Commissioners are available to help units succeed. A unit is the basic structure operated by a chartered organization to deliver the program of the Boy Scouts of America to youth members. The BSA works with and through the chartered organization to serve youth. It is important that the chartered organization and its units be served effectively with the guidance of a commissioner. Unless Scouting units are strong and efficient, the program won’t retain the Scout. No matter how well organized the council and the district, the program delivery system stalls or fails with weak units.
The concept for commissioner service focuses on the unit. The commissioner’s specific mission is to keep units operating at maximum efficiency so that they can deliver a good program to a growing youth membership. Today’s commissioners are results-oriented rather than procedures-oriented. They are successful in their mission when units continue to operate, units regularly accept new youth, and units effectively deliver the ideals of Scouting to their members. Commissioners are involved with carrying programs to the unit, and their main concern is to develop strength within the unit operation. In other words, the concept calls for commissioners to develop the program capability in a unit.
Roles the Commissioner Plays
A commissioner plays several roles, including being a friend, a representative, a unit “doctor” or paramedic, a teacher, and a coach.
The commissioner is a friend of the unit. Of all your roles, this one is the most important. It springs from the attitude, “I care, I am here to help you, what can I do for you?” Caring is the ingredient that makes commissioner service successful. Be an advocate of unit needs. A commissioner who makes himself or herself known and accepted with the unit leadership will be called on to help in times of trouble.
The commissioner is a representative. The average unit leader is totally occupied in working with kids. Some have little if any contact with the Boy Scouts of America other than your visits to their meeting. To them, you may be the Boy Scouts of America. Be a good example. Show that you believe in the ideals, the principles, and the policies of the Scouting movement. Represent it well!
The commissioner is a unit “doctor” or a paramedic. In your role as “doctor,” you know that prevention is better than a cure, so you try to see that your units make good “health practices” a way of life. Sometimes being a paramedic and performing triage on a unit to keep its program going or providing support to their leadership is critical. When problems arise, and they will even in the best unit, act quickly. Observe symptoms, diagnose the real ailment, prescribe a remedy, and follow up on the patient.
The commissioner is a teacher. As a commissioner,you will have a wonderful opportunity to participate in the growth of unit leaders by sharing your knowledge with them. You teach not just in an academic environment, but where it counts most—as an immediate response to a need to know. That is the best adult learning situation since the lesson is instantly reinforced by practical application of the new knowledge.
The commissioner is a coach. As a Scouting coach, you will help guide units in solving their own problems. Coaching is the best role for you when unit leaders don’t recognize a problem and where solutions are not clear-cut. Everyone needs coaching or assistance from time to time, even experienced leaders. You provide them with different “plays” that might be the right one for them to move ahead or succeed at solving a problem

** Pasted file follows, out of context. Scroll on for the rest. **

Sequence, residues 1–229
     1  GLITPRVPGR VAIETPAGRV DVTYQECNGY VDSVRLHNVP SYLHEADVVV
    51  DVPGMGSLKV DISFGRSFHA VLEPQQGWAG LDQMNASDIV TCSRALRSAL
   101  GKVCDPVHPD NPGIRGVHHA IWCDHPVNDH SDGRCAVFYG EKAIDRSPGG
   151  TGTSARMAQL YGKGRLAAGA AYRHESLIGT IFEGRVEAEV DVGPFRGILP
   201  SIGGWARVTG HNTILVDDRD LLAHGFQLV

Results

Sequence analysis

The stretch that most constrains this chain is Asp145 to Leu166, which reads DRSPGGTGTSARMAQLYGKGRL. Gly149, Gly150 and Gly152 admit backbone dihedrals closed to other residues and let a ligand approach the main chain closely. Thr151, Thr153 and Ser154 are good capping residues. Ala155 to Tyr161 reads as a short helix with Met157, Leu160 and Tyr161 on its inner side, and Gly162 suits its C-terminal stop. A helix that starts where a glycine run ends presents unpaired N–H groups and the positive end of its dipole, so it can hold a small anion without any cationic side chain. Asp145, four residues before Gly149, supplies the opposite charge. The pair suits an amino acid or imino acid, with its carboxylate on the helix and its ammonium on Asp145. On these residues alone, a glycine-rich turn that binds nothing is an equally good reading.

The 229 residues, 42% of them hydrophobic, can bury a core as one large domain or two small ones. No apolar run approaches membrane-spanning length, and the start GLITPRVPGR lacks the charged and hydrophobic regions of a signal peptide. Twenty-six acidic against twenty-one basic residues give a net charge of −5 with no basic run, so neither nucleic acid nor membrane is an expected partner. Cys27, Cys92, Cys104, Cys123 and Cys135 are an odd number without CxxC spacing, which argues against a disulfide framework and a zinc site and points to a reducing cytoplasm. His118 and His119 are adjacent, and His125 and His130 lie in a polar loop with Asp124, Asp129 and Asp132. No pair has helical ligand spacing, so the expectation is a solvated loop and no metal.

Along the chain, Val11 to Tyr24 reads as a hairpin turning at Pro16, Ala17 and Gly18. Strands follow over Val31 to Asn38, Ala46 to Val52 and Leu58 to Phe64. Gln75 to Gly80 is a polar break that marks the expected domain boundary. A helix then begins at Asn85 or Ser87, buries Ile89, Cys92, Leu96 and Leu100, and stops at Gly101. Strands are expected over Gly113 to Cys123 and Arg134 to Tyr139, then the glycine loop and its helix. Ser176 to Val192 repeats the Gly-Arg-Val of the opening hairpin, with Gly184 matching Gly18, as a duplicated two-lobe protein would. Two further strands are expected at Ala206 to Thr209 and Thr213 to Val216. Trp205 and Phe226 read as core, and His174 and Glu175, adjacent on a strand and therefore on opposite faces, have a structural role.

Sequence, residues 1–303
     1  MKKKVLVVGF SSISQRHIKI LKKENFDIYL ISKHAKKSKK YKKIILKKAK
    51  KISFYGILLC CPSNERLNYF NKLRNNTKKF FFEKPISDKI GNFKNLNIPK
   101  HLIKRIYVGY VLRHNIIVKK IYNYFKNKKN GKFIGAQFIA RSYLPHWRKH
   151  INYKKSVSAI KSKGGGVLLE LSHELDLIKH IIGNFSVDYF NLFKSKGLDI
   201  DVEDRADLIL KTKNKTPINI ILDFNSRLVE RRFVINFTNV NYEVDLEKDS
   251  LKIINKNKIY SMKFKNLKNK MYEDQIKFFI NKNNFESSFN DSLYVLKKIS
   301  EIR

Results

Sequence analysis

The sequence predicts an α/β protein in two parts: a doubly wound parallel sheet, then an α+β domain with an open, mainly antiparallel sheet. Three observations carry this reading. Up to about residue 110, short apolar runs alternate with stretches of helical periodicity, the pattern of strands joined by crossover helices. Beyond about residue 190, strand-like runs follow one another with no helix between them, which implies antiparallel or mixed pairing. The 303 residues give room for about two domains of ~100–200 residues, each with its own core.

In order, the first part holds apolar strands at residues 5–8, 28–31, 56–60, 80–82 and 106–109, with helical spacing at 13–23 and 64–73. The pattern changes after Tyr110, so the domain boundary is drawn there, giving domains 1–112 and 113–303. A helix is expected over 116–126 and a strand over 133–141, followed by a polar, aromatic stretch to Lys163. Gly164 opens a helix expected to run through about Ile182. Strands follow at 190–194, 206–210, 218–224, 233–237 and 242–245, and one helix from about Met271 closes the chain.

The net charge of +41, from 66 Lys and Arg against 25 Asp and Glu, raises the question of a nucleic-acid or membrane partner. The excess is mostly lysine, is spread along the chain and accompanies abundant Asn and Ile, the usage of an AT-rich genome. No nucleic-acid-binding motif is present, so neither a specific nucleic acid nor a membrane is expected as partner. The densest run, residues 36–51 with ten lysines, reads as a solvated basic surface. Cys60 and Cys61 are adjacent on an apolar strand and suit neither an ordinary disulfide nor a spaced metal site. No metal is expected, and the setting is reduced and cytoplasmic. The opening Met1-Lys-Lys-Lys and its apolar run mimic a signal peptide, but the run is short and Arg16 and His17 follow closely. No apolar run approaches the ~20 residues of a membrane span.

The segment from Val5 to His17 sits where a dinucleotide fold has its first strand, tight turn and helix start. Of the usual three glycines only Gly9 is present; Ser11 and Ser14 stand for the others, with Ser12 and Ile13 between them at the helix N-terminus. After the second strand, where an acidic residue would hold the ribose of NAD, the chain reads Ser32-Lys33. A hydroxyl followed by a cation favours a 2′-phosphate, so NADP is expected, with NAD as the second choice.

Specific Commissioner Responsibilities
Unit Commissioner– Provide unit Service in accordance with Commissioner manuals.
- Use the annual commissioner service plan, to help assigned units maximize their Journey to Excellence achievements.
- Facilitate the on-time annual charter renewal of all assigned units.
- Visit assigned units meeting and activities and then to record observations in Unit Visit Tracking System.
- Work to assure effective and active unit committees.
- Keep in touch with the chartered organizations of the units you serve.
- Know where to get district and council resources that can help the unit.
- Attend commissioner training experiences and earn the commissioner training awards.
Assistant District Commissioner – Recruit and lead the assigned Unit Commissioners to provide Unit Service.
- Recruit enough unit commissioners to serve their assigned units and areas.
- Conduct personal coaching and orientation sessions for unit commissioners.
- Maintain regular contact with their unit commissioners to provide guidance in unit service needs.
- Serve units with no assigned unit commissioner.
- Help unit commissioners evaluate and improve their unit service performance.
District Commissioner – Recruit and lead a Commissioner staff that is sufficient to provide unit service to the district. Be a member of the District Key 3 leadership team and help the District fulfill it’s mission and JTE goals.
Major Responsibilities include:
- Recruit and train a full staff of commissioners.
- Oversee the commissioner training program.
- Ensure an effective monthly Roundtable program is conducted.
- Plan and preside at the monthly meeting of the district commissioner staff.
- Attend district committee meeting to report on conditions of units and to secure specialized help for units.
- Represent the district as a member of the council commissioners cabinet.